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Has Ryan Kesler played his last game as a Vancouver Canuck?

Harrison Mooney
Puck Daddy

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Not to be outdone by the reports that Martin St. Louis wants out of Tampa Bay, Vancouver turned up the drama in a big way Wednesday, yielding a stunning trade request of their own.

According to Louis Jean of TVA, Ryan Kesler has requested a trade from the Vancouver Canucks.

Somewhere, Roberto Luongo is chuckling at the idea that you can just ask for a trade and then one will happen. Have you learned nothing?

In all seriousness, though, trading Ryan Kesler would be a whole lot easier than trading Luongo, and not just because the NHL isn't about to shut down for half a year and return with a "Ryan Kesler rule" that makes his contract seem even more burdensome than before. Kesler's an impact player in the prime of his career, one that can play the wing on a first line or anchor a second or third line. He kills penalties, he gets under the skin of opponents, he hates to lose. He's versatile, gritty, and a proven playoff performer.

With the playoffs coming up, every contending team could use a guy like that, and with the cap going up, Kesler's contract, with two years remaining at $5 million apiece, is manageable.

But we're getting ahead of ourselves. Is the report true?

Not according to Kesler's agent, Kurt Overhardt:

Mike Gillis denied it as well, at least to some. To others, he said things, like, "I'm not going to debate whether the report is accurate or not," which means yes.

Of course, if it's confirmed, then it puts a lot of pressure on the Canucks to deal Kesler, and strengthens the bargaining position of his suitors. Suffice it to say, the Canucks aren't going to alter the direction of their franchise this severely, and make the biggest trade since Todd Bertuzzi for Roberto Luongo, unless they get a really good deal. If Kesler does want out, it's in his best interests to deny the report so his value stays up. And it's in Gillis's best interests for the report to be out there, as unverified as the @strombone1 account, so other GMs call and inquire.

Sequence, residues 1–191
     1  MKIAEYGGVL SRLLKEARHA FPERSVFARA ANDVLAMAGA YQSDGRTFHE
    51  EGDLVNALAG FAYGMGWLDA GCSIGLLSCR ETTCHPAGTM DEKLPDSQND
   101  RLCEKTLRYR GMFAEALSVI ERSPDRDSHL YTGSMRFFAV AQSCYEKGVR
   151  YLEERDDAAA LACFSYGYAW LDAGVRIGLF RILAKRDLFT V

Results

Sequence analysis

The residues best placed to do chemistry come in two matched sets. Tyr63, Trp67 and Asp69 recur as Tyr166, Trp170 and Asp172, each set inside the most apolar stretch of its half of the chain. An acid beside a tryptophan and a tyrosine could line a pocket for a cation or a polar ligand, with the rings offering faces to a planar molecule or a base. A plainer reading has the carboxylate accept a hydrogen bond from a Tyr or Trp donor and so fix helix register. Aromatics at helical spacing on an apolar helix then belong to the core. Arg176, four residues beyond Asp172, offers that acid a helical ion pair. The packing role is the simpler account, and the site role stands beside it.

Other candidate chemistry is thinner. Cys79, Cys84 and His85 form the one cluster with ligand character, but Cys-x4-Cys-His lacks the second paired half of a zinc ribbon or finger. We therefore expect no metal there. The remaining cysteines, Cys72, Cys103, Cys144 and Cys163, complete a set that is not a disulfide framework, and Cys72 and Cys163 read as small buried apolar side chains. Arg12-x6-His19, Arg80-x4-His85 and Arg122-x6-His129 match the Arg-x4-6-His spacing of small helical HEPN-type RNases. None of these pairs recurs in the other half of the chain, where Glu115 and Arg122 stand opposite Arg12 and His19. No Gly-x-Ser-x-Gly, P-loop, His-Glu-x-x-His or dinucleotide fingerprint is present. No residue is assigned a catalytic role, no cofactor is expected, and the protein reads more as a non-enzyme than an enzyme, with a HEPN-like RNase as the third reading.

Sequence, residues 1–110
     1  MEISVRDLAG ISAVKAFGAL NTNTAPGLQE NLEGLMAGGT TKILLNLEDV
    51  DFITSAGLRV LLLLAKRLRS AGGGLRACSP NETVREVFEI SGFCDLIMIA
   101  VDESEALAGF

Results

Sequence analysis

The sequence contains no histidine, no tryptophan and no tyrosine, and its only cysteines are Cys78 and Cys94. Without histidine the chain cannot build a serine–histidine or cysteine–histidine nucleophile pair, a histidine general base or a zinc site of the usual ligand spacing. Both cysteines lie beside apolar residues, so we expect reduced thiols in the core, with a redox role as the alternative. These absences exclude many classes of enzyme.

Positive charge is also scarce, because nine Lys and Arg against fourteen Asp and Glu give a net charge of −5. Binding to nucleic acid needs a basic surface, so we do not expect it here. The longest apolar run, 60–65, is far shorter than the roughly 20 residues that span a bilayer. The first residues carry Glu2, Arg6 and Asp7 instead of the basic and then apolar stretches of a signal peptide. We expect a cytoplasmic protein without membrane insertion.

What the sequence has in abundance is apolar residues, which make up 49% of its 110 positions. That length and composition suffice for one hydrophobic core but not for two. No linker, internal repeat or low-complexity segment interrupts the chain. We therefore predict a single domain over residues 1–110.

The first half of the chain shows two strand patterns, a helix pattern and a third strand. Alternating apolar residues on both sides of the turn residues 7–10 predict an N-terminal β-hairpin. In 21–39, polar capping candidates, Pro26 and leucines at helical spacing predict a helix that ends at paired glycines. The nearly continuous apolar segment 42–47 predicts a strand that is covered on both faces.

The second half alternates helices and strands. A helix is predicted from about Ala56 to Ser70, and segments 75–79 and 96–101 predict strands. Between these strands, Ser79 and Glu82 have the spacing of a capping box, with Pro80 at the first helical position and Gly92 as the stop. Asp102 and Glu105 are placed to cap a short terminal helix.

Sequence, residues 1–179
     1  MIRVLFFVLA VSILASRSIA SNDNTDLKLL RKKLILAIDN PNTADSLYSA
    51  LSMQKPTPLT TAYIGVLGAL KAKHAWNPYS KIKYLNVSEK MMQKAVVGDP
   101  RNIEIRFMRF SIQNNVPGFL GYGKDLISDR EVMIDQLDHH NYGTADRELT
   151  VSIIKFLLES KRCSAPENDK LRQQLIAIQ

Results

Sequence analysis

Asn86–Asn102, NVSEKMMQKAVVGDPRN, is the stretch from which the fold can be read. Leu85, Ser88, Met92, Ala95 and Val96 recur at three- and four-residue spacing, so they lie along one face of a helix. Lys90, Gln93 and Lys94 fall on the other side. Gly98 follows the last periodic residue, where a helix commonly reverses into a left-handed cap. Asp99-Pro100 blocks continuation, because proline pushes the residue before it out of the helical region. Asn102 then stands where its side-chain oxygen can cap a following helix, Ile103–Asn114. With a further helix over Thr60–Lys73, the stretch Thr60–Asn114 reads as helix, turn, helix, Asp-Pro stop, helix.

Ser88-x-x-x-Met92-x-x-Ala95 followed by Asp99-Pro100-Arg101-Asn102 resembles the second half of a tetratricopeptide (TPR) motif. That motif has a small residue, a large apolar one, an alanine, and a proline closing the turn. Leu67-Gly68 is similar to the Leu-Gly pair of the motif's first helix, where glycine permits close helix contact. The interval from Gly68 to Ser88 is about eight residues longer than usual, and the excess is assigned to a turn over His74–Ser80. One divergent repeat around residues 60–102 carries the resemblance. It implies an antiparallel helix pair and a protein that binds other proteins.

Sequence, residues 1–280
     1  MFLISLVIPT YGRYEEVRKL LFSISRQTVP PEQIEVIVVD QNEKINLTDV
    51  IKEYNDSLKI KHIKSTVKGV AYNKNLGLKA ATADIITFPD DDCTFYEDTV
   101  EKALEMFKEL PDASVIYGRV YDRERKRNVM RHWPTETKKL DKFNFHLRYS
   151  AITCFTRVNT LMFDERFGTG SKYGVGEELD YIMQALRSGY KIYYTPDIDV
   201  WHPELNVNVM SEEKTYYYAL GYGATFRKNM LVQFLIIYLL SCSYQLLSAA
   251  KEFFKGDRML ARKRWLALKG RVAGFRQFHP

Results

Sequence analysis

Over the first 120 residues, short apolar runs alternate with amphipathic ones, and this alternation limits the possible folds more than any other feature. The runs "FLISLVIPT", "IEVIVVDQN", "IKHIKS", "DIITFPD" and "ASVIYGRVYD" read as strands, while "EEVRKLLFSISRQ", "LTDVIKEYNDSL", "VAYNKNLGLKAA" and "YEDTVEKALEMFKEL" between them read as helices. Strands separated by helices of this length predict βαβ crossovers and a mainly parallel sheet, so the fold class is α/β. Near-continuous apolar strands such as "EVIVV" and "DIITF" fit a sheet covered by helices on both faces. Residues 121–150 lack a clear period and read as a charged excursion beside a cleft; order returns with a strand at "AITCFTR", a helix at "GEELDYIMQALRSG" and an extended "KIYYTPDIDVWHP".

But there's another thing working against a Kesler trade: his hand injury.

When Kesler returned from Sochi, the Canucks learned that their second-line center may have been playing with broken fingers, suffered early in the tournament.

Magically, it was an injury he was able to play through in Russia, but when he got home, no longer. Considering Henrik Sedin stayed home from the tournament to recover from an injury, so he'd be ready to help the Canucks fight for a playoff spot, it's hard to argue that Kesler has the same priorities. It's even harder if he really said what Jason Botchford of the Province has reported he was overheard saying in Sochi:

“I hope my hand isn’t broken because that would impact my trade.”

If Kesler were committed to the Canucks, you'd think his broken hand would concern him for other reasons, like the fact that his team needs him quite a bit.

They managed to survive their first game back without him, edging the St. Louis Blues 1-0 on Wednesday night. But now one has to wonder if this is the new normal. With three games left to the deadline, and Kesler's injury reportedly not so serious he won't be available down the stretch, has he played his last game as a Canuck?

Sure, the Canucks could hold onto him until the draft, but what's the point? Kesler would be an invaluable addition to a playoff team, and if the Canucks are willing to accept that they're only just barely that themselves, they could be sitting on the jewel of the trade deadline.

They might never get a better deal than now, as teams try to add an obvious improvement, and keep others from doing the same. Pittsburgh has been rumoured to be interested for a long time. There was even a rumour that a deal for Kesler fell through just prior to the Olympic break. Could Boston stomach Pittsburgh adding Ryan Kesler, who could play with Crosby, with Malkin, or return them to the three-center model they lost when Jordan Staal asked out?

A bidding war between Pittsburgh and Boston, and any other teams trying to prevent one of these two from jumping way out in front. It could be what the Flames did with Jarome Iginla, except three years earlier, when they should have done it.

It would be a truly bold move, and a tenure-defining one for Mike Gillis, but if he can exact the right package, say, two high-end prospects, or a younger centre that can step into Kesler's role in a few years, he could end the talk that the Canucks' window is about to close and start people saying it's about to open.

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